For my money, Hathaway was trying too hard to be “sexy” and “cool”, and it never works when an actor tries too hard. The way she handled herself felt forced and unnatural, which is insane because Hathaway is one of Hollywood’s most naturally sexy women. If she would have relied on her innate charisma and charm more instead of trying to “put on” the persona of the cat burglar, Selina Kyle, she may have stolen the show. She kicked ass in the action sequences, but otherwise, I have to give Michelle Pfeiffer the nod as the better Catwoman.
From which big director have you never seen any movie (and why)?
Ingmar Bergman and Woody Allen
Honestly, I could fill another embarrassing top ten list of famous directors whose films I haven’t seen yet, but I’ll just stick with these two powerhouses for now. I have no reasoning behind why I haven’t ventured into the land of Bergman or Allen, I just haven’t gotten around to either of them yet. This will change soon, as I have The Seventh Seal sitting near my Blu-ray player, ready to be popped in. I also plan on watching some of Woody Allen’s films this year, which is why you saw Annie Hall listed above. I can’t wait to get to either of these legendary directors, and I’ll be sure to share my experiences once I do.
Which movie do you love, but is generally hated?
Dir. Florent-Emilio Siri, 2005
Rotten Tomatoes Tomatometer: 35%
I had to choose between Hostage and 16 Blocks for this question. Even though I love 16 Blocks even more than Hostage, Hostage has a lower score on Rotten Tomatoes, so I had to go that route. I adore both of these Bruce Willis driven films, though.
The first time I seen Hostage was late at night while I was staying at my uncle’s house. I was sleeping in his basement, which had an old, broken tube TV. It was broken in that it had no color, only black and white. Hostage was on, and I randomly decided to watch it. Seeing the film in black and white is an experience I’ll never forget (there is one scene in particular that absolutely thrives in B&W that just doesn’t have the same impact in color). I fell in love with Hostage that night, and am reminded of that wonderful experience every time I put it on. I still love the movie in color (how it is intended to be seen), but if there were one film I wish I could convert to B&W, this would be it. I’m not really sure why this is disliked so much because it works incredibly well as an action film. There is just the right amount of the human element to take it above “merely an action film” for me, though, and that’s what keeps me coming back.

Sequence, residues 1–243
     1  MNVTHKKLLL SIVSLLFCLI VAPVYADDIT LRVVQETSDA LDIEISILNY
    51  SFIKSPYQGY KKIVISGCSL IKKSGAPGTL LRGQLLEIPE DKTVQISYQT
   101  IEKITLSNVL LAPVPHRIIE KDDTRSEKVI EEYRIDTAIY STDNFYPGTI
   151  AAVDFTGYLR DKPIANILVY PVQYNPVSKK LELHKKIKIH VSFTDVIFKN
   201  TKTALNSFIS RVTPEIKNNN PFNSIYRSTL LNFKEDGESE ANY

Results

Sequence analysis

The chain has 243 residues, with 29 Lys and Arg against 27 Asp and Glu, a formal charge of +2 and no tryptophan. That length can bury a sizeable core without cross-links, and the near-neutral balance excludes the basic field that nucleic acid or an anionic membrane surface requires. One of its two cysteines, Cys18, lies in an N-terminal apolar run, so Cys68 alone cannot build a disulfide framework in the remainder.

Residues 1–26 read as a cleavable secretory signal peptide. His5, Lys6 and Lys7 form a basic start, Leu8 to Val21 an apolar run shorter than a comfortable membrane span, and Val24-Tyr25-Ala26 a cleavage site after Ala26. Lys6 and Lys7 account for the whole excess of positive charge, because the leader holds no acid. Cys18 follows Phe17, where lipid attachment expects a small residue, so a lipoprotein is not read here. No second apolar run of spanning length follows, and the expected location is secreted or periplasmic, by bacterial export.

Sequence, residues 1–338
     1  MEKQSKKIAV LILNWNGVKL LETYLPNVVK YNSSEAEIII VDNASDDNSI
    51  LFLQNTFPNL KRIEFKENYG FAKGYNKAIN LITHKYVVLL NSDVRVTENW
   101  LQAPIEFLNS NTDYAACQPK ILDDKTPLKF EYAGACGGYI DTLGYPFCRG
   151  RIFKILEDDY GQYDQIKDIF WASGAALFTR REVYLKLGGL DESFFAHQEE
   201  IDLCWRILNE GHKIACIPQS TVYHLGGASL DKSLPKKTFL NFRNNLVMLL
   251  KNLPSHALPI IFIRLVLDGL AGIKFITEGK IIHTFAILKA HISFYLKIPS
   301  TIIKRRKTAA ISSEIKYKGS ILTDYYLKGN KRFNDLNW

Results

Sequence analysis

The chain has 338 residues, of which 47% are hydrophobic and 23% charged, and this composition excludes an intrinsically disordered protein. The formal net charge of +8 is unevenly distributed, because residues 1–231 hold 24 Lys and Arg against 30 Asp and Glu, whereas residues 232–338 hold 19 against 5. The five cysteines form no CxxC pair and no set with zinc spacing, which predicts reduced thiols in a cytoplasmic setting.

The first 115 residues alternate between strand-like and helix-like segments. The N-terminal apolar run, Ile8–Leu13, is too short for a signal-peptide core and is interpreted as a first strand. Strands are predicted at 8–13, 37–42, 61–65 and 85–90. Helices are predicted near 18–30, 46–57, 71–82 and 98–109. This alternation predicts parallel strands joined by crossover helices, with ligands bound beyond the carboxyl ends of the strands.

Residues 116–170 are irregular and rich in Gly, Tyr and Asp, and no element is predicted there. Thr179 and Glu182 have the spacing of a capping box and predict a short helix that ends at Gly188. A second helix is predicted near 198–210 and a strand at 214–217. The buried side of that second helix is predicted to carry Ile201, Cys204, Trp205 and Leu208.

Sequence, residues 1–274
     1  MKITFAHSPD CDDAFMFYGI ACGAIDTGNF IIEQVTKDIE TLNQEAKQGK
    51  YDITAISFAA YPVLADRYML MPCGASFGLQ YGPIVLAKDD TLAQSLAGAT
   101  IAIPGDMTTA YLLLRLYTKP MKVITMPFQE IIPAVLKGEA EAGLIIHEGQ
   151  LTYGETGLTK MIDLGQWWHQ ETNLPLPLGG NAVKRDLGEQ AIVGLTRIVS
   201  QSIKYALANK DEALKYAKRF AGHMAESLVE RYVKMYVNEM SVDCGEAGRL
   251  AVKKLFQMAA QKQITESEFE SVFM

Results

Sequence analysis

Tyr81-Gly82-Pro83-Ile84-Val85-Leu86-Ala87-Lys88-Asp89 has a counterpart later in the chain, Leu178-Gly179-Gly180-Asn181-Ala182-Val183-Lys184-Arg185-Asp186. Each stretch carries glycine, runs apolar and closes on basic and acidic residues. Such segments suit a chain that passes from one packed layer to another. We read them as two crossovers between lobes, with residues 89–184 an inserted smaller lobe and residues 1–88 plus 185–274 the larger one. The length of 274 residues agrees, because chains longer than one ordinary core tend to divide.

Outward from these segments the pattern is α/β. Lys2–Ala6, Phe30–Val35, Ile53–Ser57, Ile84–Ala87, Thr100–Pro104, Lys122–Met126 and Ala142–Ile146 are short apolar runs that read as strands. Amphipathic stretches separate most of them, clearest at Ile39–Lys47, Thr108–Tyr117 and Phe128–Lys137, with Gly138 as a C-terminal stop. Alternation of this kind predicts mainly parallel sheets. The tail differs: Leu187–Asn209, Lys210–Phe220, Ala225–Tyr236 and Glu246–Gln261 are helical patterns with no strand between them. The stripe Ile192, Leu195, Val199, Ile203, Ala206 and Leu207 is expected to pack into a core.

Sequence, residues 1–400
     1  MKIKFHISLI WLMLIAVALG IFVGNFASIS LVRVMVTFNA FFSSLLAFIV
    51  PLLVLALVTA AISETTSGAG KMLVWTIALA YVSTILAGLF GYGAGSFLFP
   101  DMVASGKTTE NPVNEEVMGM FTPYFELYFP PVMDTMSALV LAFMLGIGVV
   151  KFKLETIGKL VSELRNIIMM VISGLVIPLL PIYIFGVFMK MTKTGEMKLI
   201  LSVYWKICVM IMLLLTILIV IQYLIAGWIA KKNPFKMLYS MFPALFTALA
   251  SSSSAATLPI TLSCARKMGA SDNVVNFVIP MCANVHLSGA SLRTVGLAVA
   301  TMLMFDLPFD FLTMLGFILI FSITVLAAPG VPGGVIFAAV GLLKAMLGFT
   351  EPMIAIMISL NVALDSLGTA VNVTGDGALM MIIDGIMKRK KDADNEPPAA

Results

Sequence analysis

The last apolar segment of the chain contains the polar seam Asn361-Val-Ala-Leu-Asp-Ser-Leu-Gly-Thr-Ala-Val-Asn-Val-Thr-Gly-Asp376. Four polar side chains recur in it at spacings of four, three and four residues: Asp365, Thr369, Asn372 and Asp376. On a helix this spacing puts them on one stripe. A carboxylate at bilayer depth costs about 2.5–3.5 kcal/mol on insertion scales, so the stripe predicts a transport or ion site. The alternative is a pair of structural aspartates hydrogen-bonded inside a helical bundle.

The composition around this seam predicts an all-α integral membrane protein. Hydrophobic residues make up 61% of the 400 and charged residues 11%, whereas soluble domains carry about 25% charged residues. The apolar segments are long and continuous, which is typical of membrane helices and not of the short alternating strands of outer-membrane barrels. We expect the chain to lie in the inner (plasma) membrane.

Have you ever been “one of those annoying people” at the cinema?
I am proud to say that I don’t believe I’ve ever been one of “those” people. I will admit, though, that I do have a rather distinguishable laugh, and I love to laugh, so I do so often. If I find something funny in a film, I’ll let my freak flag fly, so to speak, and that has gotten some comments from other viewers, which is always disappointing. How dare they try to stifle my genuine reaction! Jerks.
Did you ever watch a movie, which you knew in advance would be bad, just because of a specific actor/actress was in it? Which one and why?
Dir. Colin Strause & Greg Strause, 2010
This is one that we definitely expected to be less than stellar thanks to word of mouth, and virtually every review I read of the movie, but we still had to see it. It wasn’t for Eric Balfour, either. It was for the supporting actress Crystal Reed. Crystal and I went to undergrad together for a couple of years before she decided to leave school and head to Chicago for a modeling and acting career (we can see who made the right decision there, eh?). When I first saw this trailer, I nearly had a heart attack because it was the first time I recognized someone I knew in a film, and knew we had to see it. We missed it in theatres, but were able to rent it once it came out on Blu-ray. I can honestly say that Crystal is the best thing about the movie.
We’ve also watched a couple episodes of Teen Wolf (where Crystal plays the love interest of the main character), and the episode of Rizzoli & Isles she was featured on. She really is an excellent actress, and it’ll be fun to watch her career continue to grow. Hopefully we’ll get a chance to work together on a project again in the future.
Did you ever not watch a specific movie because it had subtitles?